— In the Patriots’ second drive of the second half, they went with just four offensive linemen and made Vereen ineligible on two snaps and Hoomanawanui on one. The alignment confused the Ravens and allowed the Patriots to drive down the field and cut the Ravens’ lead to seven points.
In the top image, Vereen (circled in yellow) was the ineligible receiver and Hoomanawanui (circled in red) was lined up at “left tackle.” Hoomanawani streaked down the field wide open for a 16-yard reception while Vereen ran straight backward, able to catch a lateral from Brady.
The Ravens scrambled to try to cover everyone, and Edelman popped open for an 11-yard catch.
— On the Patriots’ third and final four-offensive lineman play, Vereen (yellow) again was ineligible, while Hoomananwanui (red) again was the “left tackle.”
Brady found Hoomanawanui for a wide-open 14-yard gain. Brady capped the drive with a 6-yard touchdown pass to Gronkowski over Hill, cutting the Ravens’ lead to 28-21.
— The Patriots’ defensive line was pushed around by the Ravens’ offensive line, especially in the rushing game. The Patriots allowed 129 yards on 24 carries to running back Justin Forsett. Vince Wilfork and Sealver Siliga, both usually dominant against the run, had up-and-down performances.
— The Patriots used a 3-4 base defense with Rob Ninkovich and Chandler Jones standing up at outside linebacker. In sub packages, Jones and Ninkovich put their hands in the ground and rushed from defensive end. Jones led the team with 10 hurries, though the Patriots weren’t able to sack quarterback Joe Flacco.
— The Ravens must have noticed a weakness in Jamie Collins’ game since they ran straight at the Patriots’ linebacker. He led the team in tackles, but he also didn’t appear to be aggressive enough filling his gaps. Collins’ best play, a forced fumble and recovery on a strip sack, was called back by a holding penalty on cornerback Darrelle Revis.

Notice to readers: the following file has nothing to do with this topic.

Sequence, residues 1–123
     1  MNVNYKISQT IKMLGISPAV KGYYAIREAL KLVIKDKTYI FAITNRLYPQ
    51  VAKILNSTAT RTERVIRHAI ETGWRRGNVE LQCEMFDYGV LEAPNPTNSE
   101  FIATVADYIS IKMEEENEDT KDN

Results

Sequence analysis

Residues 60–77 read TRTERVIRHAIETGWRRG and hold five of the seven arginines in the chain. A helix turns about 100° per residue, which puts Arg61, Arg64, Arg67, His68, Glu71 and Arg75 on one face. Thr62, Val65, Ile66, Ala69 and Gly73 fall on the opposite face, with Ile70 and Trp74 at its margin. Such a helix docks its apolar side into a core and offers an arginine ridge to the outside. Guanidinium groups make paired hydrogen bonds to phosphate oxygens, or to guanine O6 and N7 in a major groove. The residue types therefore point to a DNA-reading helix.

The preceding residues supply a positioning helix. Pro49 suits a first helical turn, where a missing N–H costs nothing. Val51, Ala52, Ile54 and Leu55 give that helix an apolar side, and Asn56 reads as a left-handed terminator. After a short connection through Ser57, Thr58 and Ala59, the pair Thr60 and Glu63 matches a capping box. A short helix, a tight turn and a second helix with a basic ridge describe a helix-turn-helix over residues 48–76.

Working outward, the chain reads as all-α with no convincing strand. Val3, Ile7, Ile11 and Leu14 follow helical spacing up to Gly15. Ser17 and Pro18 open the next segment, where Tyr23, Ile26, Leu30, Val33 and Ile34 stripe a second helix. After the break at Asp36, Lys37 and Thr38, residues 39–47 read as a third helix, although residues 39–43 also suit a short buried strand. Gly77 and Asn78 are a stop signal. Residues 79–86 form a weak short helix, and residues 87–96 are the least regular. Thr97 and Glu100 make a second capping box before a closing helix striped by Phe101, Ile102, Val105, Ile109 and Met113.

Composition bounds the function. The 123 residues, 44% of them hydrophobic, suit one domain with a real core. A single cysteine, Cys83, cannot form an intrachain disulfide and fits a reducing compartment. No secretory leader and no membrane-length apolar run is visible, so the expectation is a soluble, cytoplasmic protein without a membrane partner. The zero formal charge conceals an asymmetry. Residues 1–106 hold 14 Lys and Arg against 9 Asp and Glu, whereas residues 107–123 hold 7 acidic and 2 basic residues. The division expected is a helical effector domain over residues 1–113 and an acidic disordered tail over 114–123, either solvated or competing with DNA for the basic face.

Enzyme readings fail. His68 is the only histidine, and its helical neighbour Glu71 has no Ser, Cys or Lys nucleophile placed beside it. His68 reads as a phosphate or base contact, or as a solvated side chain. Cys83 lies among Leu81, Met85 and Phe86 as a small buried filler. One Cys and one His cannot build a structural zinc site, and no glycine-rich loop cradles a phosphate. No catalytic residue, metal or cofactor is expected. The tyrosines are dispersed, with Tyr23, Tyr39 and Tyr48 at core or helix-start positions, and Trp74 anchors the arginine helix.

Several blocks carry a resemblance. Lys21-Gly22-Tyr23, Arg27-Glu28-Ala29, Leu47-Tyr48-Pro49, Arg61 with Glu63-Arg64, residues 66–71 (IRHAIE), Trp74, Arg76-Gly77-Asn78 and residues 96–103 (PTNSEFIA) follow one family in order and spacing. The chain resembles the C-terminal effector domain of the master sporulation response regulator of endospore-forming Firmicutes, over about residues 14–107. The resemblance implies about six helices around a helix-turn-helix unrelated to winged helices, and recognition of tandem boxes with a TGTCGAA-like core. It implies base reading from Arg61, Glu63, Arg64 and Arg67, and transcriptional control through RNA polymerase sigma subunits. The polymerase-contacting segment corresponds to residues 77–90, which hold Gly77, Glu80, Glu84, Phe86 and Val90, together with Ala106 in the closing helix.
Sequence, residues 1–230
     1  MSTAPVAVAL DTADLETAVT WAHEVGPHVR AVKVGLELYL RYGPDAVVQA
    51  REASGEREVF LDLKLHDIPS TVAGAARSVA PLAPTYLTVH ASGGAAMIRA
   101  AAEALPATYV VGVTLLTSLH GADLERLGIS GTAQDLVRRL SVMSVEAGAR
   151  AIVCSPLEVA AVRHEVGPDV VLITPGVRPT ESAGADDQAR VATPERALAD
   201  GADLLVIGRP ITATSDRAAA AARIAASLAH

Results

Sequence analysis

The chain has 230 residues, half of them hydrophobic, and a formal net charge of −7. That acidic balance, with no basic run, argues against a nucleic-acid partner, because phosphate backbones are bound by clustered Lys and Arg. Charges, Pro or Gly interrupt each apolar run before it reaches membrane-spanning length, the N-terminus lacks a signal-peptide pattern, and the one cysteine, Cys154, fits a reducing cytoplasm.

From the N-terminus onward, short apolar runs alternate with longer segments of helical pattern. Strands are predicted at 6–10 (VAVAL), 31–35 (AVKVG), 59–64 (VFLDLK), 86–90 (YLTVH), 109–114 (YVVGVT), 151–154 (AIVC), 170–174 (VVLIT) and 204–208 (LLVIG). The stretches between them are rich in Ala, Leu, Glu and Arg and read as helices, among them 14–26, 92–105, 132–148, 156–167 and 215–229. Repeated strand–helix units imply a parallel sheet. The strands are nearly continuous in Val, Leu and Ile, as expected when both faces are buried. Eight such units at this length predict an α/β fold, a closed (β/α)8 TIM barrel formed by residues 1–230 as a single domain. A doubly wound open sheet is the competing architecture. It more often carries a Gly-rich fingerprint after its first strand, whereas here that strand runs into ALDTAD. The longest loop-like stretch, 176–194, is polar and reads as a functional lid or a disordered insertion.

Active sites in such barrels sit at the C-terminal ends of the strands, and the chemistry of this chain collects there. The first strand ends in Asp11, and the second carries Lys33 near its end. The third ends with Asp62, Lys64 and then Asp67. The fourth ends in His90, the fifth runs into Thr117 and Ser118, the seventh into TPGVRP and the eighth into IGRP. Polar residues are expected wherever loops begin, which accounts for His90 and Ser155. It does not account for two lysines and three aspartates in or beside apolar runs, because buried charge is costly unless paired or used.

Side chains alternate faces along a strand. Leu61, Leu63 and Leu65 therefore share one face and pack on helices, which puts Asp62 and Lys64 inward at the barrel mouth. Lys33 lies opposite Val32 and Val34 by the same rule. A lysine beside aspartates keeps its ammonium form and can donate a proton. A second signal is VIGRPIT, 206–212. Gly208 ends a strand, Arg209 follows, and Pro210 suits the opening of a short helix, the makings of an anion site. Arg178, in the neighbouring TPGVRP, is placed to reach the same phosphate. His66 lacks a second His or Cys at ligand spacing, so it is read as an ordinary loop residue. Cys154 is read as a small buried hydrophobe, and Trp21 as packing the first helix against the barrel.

— The Patriots’ defense was more aggressive in the second half, and Dont’a Hightower blew up multiple running plays.
— Revis was called for two penalties in the game: a very questionable pass interference call near the end of the second quarter and holding late in the third quarter. Revis allowed two catches on four targets for 22 yards and a touchdown, so it wasn’t a bad performance.
— Brandon Browner was burned on a costly reception/pass interference combination early in the third quarter, allowing the Ravens to take a two-score lead. He came out of the game later with a knee injury. Logan Ryan took Browner’s place and did a solid job against receiver Torrey Smith.
— The Patriots mixed man and zone coverages, though they stayed in Cover-1 man for most of the game (24 snaps). They played Cover-3 zone for 12 snaps and Cover-2 man for 10. The Patriots also dropped into quarters twice. The Patriots’ heavy usage of Cover 3 and Cover-2 man shows how much they respected Flacco’s deep ball. They might have a similar game plan this week against the Colts.
— Devin McCourty had one of the best games of his NFL career as he seamlessly switched between playing free safety and dropping down into man coverage against tight ends and receivers. He allowed only one catch for 17 yards on four targets and had two pass breakups, including the bat-down on Flacco’s last-second Hail Mary heave. McCourty also had a key interception, reading Flacco perfectly while playing single deep-high safety.
— Second-year pro Duron Harmon filled in for McCourty when the veteran was playing in the box. Harmon filled the role perfectly, pulling in the game-clinching interception late in the fourth quarter.
— Chung allowed a touchdown to Aiken, but he also had two pass breakups, including a fourth-quarter touchdown-saving play on third down when the Ravens were in the red zone.
Thumbnail photo via Greg M. Cooper/USA TODAY Sports Images GIFS/Screen shots via NFL Game Rewind